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Monday, November 16, 2009

“The Sound of Music” soars at LTM

MANCHESTER — Chances are you going to have a tough time getting a ticket to see “The Sound of Music,” at the Manchester Little Theatre, running through Sunday, and that’s a shame, because if you enjoy musicals, this is one to see.
A perennial favorite among community theaters, this show has more hits per minute than any I can think of, including, of course, “The Sound of Music,” “How do you Solve a Problem Like Maria,” “Lonely Goatherd,” “I have Confidence,” “My Favorite Things,” “Going on Seventeen,” and the list goes on.
Maria, played by Jessica Cutino, has a lovely voice that is most comfortable in the mezzo-soprano range, while Mike Zizka plays Capt. von Trapp with a strict but kind demeanor. Comparisons to the 1966 film are difficult to avoid, and here Zizka’s Captain has more depth and less creepiness than Christopher Plummer’s von Trapp.
The von Trapp kids are all fantastic, managing complex choreography, such as the delightful adaptation of “Lonely Goatherd” with choreography by Todd Santa Maria.
It’s a shame not to mention each child, because they are all great from Leisl, played by the graceful and lithe Jenna Vezina, to the empathic Brigitta (Maria Meier), to the cutest little peanut to grace the stage, Jenna Mitchell playing Gretl.
Timothy Russell as the young lover Rolf Gruber has a fine clear voice and makes a smaller part pop.
John Michael Whitney as the theater producer Max Detwiller has the self-depreciating smarmy cynical charm that’s irresistible. He’s honest when he says, “I like rich people. I like the way they live and I like the way I live when I am with them.”
Diane L. AmEnde plays Elsa Schraeder with less cattiness than in the film version, making her harder to dislike, but more realistic.
Unfortunately the two songs that Elsa and Max sing, which they do an admirable job delivering, drag down the momentum of the show and could easily have been dropped without being missed. No reflection on the actors, but the songs just aren’t that tuneful or memorable.
The nuns who kick off the show in harmonious A Capella, and then later in the marriage ceremony, are excellent and set the tone for the rest of this musical.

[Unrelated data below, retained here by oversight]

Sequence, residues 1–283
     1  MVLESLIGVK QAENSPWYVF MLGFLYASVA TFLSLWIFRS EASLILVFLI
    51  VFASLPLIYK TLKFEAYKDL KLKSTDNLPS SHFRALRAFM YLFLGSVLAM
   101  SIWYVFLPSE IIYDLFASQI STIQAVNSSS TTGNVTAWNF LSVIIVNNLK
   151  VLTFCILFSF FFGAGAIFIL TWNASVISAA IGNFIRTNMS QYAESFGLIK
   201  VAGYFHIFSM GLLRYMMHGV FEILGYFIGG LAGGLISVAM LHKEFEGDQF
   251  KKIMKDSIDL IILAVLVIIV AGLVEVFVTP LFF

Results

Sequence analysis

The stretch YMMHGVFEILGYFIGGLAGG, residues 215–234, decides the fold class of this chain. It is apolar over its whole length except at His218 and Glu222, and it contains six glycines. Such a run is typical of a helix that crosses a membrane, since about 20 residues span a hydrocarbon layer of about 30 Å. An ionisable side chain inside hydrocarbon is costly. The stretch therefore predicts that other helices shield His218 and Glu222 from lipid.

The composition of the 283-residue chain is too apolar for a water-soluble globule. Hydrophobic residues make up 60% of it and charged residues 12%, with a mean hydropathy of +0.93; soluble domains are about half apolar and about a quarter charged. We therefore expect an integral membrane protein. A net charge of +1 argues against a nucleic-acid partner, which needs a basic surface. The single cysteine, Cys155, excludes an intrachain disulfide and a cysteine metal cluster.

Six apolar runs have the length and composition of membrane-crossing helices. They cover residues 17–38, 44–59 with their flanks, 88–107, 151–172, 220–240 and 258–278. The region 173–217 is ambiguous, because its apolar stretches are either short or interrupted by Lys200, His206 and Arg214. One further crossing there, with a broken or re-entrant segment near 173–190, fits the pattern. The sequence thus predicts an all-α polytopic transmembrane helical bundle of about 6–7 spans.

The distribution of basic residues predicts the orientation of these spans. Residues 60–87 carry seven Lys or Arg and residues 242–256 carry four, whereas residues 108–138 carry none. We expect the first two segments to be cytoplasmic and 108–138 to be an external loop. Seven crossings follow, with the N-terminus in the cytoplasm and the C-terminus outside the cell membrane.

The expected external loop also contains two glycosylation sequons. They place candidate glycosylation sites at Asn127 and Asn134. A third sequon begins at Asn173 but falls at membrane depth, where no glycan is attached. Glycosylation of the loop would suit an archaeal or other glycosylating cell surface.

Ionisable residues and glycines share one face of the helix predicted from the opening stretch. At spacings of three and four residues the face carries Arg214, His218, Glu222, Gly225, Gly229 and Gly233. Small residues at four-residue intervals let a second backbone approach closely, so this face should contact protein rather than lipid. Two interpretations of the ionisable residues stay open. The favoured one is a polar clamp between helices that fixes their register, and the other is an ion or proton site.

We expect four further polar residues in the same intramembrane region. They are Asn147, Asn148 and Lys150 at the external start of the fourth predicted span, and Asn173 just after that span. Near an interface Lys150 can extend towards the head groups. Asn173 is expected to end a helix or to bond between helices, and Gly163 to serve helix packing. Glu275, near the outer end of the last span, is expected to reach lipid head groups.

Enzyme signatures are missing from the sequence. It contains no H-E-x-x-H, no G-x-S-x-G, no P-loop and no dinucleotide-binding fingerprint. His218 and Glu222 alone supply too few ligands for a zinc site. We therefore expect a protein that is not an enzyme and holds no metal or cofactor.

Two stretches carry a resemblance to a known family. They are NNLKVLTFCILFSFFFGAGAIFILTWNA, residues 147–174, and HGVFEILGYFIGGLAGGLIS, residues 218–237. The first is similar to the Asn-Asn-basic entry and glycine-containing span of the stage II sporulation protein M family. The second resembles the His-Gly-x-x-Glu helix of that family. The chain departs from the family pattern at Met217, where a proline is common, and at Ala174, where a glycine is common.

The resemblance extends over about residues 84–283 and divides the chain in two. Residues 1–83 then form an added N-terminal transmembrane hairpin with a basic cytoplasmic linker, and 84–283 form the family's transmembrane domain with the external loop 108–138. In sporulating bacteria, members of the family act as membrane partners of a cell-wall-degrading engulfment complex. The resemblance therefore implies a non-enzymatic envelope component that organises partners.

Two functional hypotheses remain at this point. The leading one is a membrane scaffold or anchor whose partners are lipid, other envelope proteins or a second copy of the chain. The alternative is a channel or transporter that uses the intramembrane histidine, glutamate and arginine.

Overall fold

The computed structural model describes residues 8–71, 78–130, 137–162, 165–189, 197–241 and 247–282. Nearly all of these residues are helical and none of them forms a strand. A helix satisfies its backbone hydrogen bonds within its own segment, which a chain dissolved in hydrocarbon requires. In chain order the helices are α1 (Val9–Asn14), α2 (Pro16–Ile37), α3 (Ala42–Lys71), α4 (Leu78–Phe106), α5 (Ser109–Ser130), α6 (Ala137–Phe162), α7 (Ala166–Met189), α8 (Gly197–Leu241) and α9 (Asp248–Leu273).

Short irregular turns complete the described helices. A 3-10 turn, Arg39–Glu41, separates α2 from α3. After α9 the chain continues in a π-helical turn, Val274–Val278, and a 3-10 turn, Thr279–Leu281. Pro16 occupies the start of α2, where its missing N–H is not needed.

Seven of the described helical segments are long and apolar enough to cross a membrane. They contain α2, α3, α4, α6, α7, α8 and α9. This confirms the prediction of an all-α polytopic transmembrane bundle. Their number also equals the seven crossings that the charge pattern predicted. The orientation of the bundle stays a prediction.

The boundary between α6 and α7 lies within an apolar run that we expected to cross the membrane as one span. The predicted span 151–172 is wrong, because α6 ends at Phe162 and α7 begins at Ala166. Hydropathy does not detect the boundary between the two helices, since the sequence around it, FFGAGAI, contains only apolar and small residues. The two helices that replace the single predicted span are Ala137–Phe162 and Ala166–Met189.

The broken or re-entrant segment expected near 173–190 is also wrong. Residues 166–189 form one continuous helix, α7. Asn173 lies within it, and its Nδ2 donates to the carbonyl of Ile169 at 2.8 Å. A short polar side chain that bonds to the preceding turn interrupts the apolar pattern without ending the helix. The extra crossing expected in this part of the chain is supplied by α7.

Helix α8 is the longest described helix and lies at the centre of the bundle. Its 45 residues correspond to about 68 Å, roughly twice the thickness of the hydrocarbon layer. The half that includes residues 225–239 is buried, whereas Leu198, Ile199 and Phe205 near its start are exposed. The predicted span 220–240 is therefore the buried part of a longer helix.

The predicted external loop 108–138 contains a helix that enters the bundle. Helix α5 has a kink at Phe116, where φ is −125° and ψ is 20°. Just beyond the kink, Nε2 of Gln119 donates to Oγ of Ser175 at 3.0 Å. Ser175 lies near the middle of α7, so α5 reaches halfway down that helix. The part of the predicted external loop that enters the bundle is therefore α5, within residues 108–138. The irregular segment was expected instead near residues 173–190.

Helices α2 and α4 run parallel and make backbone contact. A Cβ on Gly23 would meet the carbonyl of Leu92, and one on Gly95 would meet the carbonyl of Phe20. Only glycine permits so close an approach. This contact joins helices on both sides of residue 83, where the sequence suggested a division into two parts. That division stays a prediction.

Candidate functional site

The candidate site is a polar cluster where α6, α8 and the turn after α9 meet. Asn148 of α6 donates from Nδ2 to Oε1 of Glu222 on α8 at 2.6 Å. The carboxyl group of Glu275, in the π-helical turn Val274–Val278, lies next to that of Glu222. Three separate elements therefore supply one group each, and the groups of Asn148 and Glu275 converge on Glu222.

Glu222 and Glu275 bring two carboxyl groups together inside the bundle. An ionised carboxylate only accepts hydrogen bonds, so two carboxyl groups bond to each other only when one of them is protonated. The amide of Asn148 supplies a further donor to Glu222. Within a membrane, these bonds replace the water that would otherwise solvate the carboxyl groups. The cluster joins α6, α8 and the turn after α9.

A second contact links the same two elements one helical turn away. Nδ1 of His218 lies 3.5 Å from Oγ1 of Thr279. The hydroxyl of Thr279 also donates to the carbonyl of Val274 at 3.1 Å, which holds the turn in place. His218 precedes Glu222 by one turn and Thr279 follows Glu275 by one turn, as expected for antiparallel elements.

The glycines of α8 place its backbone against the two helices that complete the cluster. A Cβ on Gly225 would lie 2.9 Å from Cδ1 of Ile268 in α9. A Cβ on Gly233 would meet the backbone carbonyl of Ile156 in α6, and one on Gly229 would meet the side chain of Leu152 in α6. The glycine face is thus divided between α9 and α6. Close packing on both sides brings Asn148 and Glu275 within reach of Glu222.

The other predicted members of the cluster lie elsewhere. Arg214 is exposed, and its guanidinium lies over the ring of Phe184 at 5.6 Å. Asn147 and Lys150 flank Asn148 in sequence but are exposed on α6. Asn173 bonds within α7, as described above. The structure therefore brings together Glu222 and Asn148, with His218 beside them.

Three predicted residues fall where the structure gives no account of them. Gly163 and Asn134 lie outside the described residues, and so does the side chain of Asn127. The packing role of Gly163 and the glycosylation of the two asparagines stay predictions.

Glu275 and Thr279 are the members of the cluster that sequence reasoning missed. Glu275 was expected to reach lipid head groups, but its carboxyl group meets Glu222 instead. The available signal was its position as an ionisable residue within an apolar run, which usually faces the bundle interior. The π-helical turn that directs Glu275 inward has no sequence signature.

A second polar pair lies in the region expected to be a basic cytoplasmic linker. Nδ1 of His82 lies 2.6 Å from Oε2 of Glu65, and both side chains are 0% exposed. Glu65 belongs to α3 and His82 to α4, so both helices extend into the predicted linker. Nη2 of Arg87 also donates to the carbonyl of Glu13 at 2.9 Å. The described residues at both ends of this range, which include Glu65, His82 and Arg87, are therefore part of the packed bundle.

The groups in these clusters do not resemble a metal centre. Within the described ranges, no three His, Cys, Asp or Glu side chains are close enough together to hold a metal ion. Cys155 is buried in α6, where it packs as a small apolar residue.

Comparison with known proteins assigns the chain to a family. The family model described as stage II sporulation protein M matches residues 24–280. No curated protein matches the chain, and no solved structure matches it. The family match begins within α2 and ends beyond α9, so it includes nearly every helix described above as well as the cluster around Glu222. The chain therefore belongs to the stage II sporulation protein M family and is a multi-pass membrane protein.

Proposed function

As fine as the entire cast is, the show stopper belongs to Mary deManbey as the Mother Abbess, singing to perfection “Climb Ev’ry Mountain.” It is one of the most beautiful, moving, powerful songs ever written for the stage, and deManbey commandingly, confidently, and lovingly catapults this show to another level all together.
The set is solidly minimal, with a massive movable sweeping staircase, which, when turned around becomes an exterior wall. Cleverly conceived by Greg Cerosky and Leslie Mills, and designed and constructed by Fred T. Blish with help from the shop crew.
The costumes are a dream, designed by Vivana Lamb. The kids in particular, in their lovely party clothes, their wedding garb, their travel outfits, and their uniforms, really could not be better. I would have preferred Maria’s play outfit to be of a different material than the children’s, because she should stand out from them, not look like one of them.
How they manage to make all those costume changes so quickly and seamlessly is a tribute to those unsung heroes, the backstage crew.
Directed by Michael Forgetta with a strong and confident hand, this cast is well rehearsed. Every single word is understandable, even with the children, which is quiet an accomplishment.
Mother Abbess tells Maria, “You have to find the life you were born to live.” Isn’t that what we all seek? It’s the most important thing and “The Sound of Music” is a dear reminder of what truly matters more than anything else, and despite all the odds — love.


Three Stars
Location: Little Theatre of Manchester at Cheney Hall, 177 Hartford Road, Manchester
Production: Music by Richard Rodgers. Lyrics by Oscar Hammerstein II. Book by Howard Lindsay and Russel Crouse. Directed by Michael Forgetta. Musical direction by Paul Coffill. Set concept by Greg Cerosky and Leslie Mills. Stage manager Tom Goodin. Set designed by Fred T. Blish. Sound and lighting designed by Glen Aliczi. Costumes by Viviana Lamb. Choreographed by Todd Santa Maria. Produced by Jennifer Lysomirski.
Running time: 3 hours, including one 15-minute intermission
Show Times: Thursday, Friday, and Saturday at 8 p.m. Sunday at 2 p.m. through Sunday, Nov. 22.
Tickets: $21 — $28. Seniors over 60 and students receive a discount. Call the box office at 860-647-9824, or visit their website at
Jessica Cutino … Maria Rainer
Mike Zizka … Capt. Georg von Trapp
Jenna Vezina … Liesl
Tommy Curtis … Friedrich
Katie Emery … Louisa
Sawyer Gaunt … Kurt
Maria Meier … Brigitta
Kellen Mitchell … Marta
Jenna Mitchell … Gretl
Diane L. AmEnde … Elsa Schraeder
John-Michael Whitney … Max Detweiller
Timothy Russell … Rolf Gruber, party guest
Mary deManbey … The Mother Abbess
Melissa Paul … Sister Berthe, Mistress of Novices
Jenna Levitt … Sister Margaretta, Mistress of Postulants
Sarah Jane Hayes … Sister Sophia
Douglas Ross … Franz, the butler
Lynn Ross … Frau Schmidt, the housekeeper
Ann Azevedo … Ursula, the maid, nun, party guest
William “Leo” Reaves … Herr Zeller
Alex Pazda … Baron Elberfeld, party guest
Sarah Logan … Baroness Elberfeld, Fraulein Schweiger, nun, party guest
Don DiGenova … Admiral von Schreiber, party guest
Kristen Shaw … A new postulant, nun
Susan Bailey, Laura Benson, Jen Berlin, Teresa Bonavita, Pat Covino, Aggie Dorio, Denise Gagne, Yvonne Jacques, Jennifer Lane, Donna Merceir, Joan Notghi, Nancy Rosenzweig, Sherrie D. Schallack … The Nuns of Nonnberg Abby
Jennifer Lane, Aggie Dorio, Yvonne Jacques, Pat Covino, George Pappas, Frank Dorio … party guests

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